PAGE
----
For Naïveté, Alekhuogie has made photographs using African sculpture and textiles to examine ideas of authorship, the relationship between photography and textiles as mediums of storytelling, and the route through which much of the African diaspora learn about their cultural heritage. Central to the show is the series “A Reprise” which proposes a revision of Perfect Documents, the exhibition catalogue of Walker Evans’s photographs of African sculptures commissioned by MoMA in conjunction with their 1935 exhibition African Negro Art. In the project gallery, a selection of works from To Live and Die in LA, Alekhuogie’s 2018 series which considers the landscape as a vehicle for personal and political identity, is on view.

Whitechapel Gallery celebrates its 120th anniversary

March 12, 2021

To commemorate the occasion, the Gallery is launching a twelve-month interactive campaign online, sharing rarely-seen material from its historic archives and inviting those with memories about the Gallery to get in touch.

For over a century the Whitechapel Gallery has premiered world-class artists from modern masters such as Pablo Picasso, Jackson Pollock, Mark Rothko, Frida Kahlo and Hannah Höch to contemporaries such as Zarina Bhimji, Sophie Calle, William Kentridge, Eduardo Paolozzi and Michael Rakowitz. Its historic campus houses exhibitions, artist commissions, collection displays, historic archives, education resources, inspiring art courses, talks and film screenings, the Townsend dining room and the Koenig Bookshop.

Perle Fine and Khaleb Brooks are now represented by Gazelli Art House

March 11, 2021

Perle Fine’s fifty-year career was led by her aesthetic confidence which enabled her to step beyond the mainstream and establish herself among male counterparts, despite the macho 1940s New York art scene. Fine socialised with key members of the New York School and European painters including Willem de Kooning, Jackson Pollock, Mark Rothko, and Ad Reinhardt to Piet Mondrian. Gazelli Art House is the first to represent the artist in the UK.

Khaleb Brooks is an interdisciplinary artist, researcher and writer exploring blackness, transness and collective memory. Meshing the black queer figure with surreal environments in paintings, using printmaking to question the politics of desire and entering transcendental states in performance they force their audience to confront the literal and social death of black people globally.⁠ Over the last year Khaleb has been an artist in residence at the Tate Modern, where they used the museum’s collection to lead weekly workshops and create work around the Trans Atlantic slave trade.⁠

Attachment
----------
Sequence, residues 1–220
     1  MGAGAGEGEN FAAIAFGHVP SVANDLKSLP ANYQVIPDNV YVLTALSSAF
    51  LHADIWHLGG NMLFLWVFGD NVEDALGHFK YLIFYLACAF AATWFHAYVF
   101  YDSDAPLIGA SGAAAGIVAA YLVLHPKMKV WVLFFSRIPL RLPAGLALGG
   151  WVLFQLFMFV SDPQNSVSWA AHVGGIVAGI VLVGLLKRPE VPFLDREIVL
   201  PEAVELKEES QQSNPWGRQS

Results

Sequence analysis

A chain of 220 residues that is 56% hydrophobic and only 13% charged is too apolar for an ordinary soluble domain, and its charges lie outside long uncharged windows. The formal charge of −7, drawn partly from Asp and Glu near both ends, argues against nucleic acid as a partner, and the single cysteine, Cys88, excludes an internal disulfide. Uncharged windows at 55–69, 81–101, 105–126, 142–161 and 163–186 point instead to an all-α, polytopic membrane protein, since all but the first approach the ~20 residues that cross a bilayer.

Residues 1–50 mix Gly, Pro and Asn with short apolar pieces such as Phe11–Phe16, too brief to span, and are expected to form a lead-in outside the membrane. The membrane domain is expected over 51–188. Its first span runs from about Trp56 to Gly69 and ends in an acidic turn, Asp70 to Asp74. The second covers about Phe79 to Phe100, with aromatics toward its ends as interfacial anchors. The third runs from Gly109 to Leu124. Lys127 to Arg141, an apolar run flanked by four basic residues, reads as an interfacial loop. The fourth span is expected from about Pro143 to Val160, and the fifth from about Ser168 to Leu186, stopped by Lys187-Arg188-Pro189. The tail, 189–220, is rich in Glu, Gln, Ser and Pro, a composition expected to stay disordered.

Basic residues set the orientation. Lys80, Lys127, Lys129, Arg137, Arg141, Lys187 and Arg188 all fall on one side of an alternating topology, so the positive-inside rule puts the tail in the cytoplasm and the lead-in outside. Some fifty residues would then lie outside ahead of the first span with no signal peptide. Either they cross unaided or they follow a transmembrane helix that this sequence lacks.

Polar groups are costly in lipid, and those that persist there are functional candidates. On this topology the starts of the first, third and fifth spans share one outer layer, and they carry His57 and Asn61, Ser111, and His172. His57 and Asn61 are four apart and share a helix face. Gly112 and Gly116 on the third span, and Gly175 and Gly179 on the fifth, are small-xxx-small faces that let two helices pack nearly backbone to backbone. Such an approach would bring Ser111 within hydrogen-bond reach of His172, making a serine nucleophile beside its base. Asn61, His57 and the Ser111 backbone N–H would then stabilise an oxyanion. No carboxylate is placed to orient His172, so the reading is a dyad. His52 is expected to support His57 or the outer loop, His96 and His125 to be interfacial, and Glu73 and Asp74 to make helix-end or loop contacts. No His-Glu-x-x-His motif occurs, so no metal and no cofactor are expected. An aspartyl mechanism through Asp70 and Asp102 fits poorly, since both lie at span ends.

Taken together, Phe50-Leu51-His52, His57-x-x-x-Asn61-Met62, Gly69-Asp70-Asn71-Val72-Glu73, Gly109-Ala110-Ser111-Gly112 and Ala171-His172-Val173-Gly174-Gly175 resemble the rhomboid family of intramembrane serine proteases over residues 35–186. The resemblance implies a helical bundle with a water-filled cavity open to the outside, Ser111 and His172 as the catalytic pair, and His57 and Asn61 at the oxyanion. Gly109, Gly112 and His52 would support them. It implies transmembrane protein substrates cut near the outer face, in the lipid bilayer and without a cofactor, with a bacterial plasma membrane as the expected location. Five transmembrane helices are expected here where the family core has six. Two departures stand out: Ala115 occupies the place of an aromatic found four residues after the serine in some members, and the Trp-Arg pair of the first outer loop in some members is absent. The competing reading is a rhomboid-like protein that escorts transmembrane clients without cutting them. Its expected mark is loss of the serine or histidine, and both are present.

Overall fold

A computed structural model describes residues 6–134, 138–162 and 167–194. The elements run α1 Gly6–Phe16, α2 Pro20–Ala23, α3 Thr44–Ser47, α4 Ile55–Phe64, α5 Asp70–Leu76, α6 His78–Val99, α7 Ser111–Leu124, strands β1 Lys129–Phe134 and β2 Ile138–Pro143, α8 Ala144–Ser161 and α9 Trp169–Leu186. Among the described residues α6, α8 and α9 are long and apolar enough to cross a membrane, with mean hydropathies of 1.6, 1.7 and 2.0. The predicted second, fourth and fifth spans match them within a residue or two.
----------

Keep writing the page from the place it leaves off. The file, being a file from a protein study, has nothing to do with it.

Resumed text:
Cindy Sherman joins Hauser & Wirth

March 10, 2021

Widely recognized as one of the most important and influential American artists of her generation, Cindy Sherman has since the late 1970s made powerful images of an ever evolving panoply of adopted personae in order to explore key issues of identity and its construction, and to question assumptions about artistic representation.

Born in 1954 in Glen Ridge, New Jersey, Cindy Sherman lives and works in New York NY. Coming to prominence in the late 1970s with the Pictures Generation group alongside artists such as Sherrie Levine, Richard Prince and Louise Lawler, Sherman studied art at Buffalo State College in 1972 where she turned her attention to photography. In 1977, shortly after moving to New York, Sherman began her critically acclaimed Untitled Film Stills. A suite of 69 black and white portraits, Untitled Film Stills sees Sherman impersonate a myriad of stereotypical female characters and caricatures inspired by Hollywood pictures, film noir, and B movies.

Sherman is joining the Hauser & Wirth roster following the announcement that her longtime representative Metro Pictures is planning to close toward the end of 2021, after 40 years of operation.

Image: Cindy Sherman, Untitled Film Still #21, 1978 © Cindy Sherman

GalleriesNow x Hostler Burrows for Collect 2021

March 9, 2021

Join Juliet Burrows, director of Hostler Burrows, on Thursday 11 March at 6pm GMT for a tour of her New York gallery, followed by a talk about the work on show. Interior designer Natalie Tredgett will join to discuss the use of colour in the work, with Patrick Fetherstonhaugh, director of GalleriesNow, chairing the discussion.

Hostler Burrows was founded in NY in 1998 by Juliet Burrows and Kim Hostler. Initially dedicated to historical Nordic design and studio arts, the gallery has evolved its programme to integrate a full roster of contemporary artists, both established and emerging. While international in scope, the gallery’s primary focus remains in Scandinavia and rooted in the tradition of studio ceramics, particularly work by female artists.

This event is part of the Collect Art Fair VIP programme. We have arranged access for GalleriesNow subscribers to this private event, on Thursday 11 March at 6pm GMT please use the Zoom Event Link with Meeting ID 868 5116 4086 and Passcode 924527.

Lullin + Ferrari inaugurates newly extended space in Zürich

The extended space at Limmatstrasse 214 will open on 11 March with a group exhibition entitled Spring in Your Step, featuring artists from the gallery’s programme: Michael Bauch, Benedikte Bjerre, Anne-Lise Coste, Slawomir Elsner, Klodin Erb, Franziska Furter, Pierre Haubensak, Clare Goodwin, Mamiko Otsubo, Sebastian Utzni and wiedemann/mettler.

Lullin + Ferrari was founded in 2008 by Corrado Ferrari and Etienne Lullin as a gallery dedicated to contemporary art with a strong network of artists, collectors, museums and other gallerists.

Galerie Barbara Thumm announces the global representation of the estate of Teresa Burga